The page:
Photo: Workers sod a strip on the par-5 13th.
By Ken MacLeod
A record-shattering arctic blast in February combined with the continued lack of warm nights ideal for growing Bermuda grass has golf courses across Oklahoma – and the southwest – in a quandary.
Deciding what turfgrass, shrubs, trees or other plants are dead versus just slow to recover and when to begin the replacement process is a decision being made by superintendents across the state, as most yard owners can sympathize.
Of course, most courses do not have a major championship looming in less than six weeks and can afford to take a wait-and-see attitude. Not so at Southern Hills Country Club in Tulsa, where the 2021 KitchenAid Senior PGA Championship will be contested May 27-30.
That’s why superintendent Russ Myers has moved decisively this week to strip out and sod areas slow to show any signs of life. Myers has purchased in excess of three acres of sod from Charles Binney’s Riverview Sod Farm in Bixby, which produces the U3 (Astro) Bermuda that was used on the course when it was completely sodded in 2004.
“I don’t think we lost areas just to the cold, but definitely areas that were exposed to the north winds when it was well below zero,” Myers said.
The sod is replacing areas on green surrounds, strips of fairways on holes that run north-south such as 13, 16 and 17 and slopes in front of greens on other north-south holes such as nine and 18. The elevated tee box on the first hole was replaced.
Myers hopes to have all the sod down by the end of this week and have it basically be unnoticeable by early May. He and all superintendents are looking forward to some daytime temperatures in the high 70s or 80s and nighttime temperatures in the 60s. That’s the combination that helps Bermuda take off and makes fertilizing it more effective.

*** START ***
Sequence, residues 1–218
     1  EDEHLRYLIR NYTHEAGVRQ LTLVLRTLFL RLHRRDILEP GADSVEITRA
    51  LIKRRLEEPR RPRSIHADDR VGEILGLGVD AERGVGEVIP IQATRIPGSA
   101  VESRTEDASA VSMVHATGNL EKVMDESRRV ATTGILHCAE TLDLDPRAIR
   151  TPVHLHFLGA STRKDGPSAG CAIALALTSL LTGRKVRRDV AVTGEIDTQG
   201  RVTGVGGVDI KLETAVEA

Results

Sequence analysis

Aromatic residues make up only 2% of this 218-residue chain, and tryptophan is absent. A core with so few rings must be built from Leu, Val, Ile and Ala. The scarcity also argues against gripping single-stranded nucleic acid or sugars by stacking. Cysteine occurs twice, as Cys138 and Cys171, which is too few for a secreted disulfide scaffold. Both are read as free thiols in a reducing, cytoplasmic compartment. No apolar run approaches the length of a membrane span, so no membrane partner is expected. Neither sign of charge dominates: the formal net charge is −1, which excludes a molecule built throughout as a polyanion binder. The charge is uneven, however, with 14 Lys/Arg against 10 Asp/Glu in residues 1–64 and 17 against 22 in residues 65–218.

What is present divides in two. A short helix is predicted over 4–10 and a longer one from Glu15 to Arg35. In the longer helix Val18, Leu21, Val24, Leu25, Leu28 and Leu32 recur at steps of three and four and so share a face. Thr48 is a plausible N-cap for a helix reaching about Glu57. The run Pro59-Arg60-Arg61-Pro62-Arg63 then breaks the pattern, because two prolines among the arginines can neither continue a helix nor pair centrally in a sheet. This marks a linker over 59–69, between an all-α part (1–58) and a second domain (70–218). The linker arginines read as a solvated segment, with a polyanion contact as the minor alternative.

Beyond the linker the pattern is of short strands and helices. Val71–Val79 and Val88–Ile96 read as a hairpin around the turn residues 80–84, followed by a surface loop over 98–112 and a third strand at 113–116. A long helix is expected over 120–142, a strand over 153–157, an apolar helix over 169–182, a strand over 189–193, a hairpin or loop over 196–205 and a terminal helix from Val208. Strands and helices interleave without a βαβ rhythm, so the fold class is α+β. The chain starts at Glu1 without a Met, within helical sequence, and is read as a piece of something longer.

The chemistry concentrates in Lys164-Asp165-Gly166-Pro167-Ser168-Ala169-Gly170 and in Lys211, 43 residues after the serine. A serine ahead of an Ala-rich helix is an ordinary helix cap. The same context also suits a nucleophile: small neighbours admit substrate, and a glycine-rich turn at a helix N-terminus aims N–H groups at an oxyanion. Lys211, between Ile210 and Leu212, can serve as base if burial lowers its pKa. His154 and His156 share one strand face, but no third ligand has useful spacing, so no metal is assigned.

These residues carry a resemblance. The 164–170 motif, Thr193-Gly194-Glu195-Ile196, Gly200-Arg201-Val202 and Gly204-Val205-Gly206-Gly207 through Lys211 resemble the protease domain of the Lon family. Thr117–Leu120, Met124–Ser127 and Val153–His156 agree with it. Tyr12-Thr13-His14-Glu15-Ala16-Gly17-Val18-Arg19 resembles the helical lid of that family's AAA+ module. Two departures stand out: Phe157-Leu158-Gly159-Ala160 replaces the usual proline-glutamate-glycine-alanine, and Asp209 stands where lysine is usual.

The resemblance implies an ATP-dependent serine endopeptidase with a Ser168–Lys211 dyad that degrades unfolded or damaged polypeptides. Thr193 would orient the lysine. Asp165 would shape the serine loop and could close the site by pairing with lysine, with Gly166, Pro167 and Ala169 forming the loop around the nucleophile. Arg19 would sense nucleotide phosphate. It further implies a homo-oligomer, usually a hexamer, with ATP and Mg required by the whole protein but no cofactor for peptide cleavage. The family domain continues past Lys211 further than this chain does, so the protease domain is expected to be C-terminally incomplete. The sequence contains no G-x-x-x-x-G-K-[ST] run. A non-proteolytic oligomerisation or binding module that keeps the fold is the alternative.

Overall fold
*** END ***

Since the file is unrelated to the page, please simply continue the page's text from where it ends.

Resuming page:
“If we can have one four-day stretch of heat things will change in a hurry,” Myers said. “In a normal year, we wouldn’t be even looking at these areas and making a decision until around May 1. Things are obviously on a different time frame this year.”
One of the big question marks around the state this year was how ultradwarf Bermuda greens, even those properly covered, would survive temperatures that reached as low as minus 17.
Although they have been slow to respond in some cases and many are still struggling – and again, the weather has not cooperated – it appears most if not all have survived. That is not the case in Texas, where some courses did not cover their greens.
Fairways, roughs, tee boxes and surrounds are another matter. A lot of courses will be doing exactly what Myers is doing, only probably not until giving whatever Bermuda did survive a chance to fully emerge. It may be a really good spring to own a sod farm.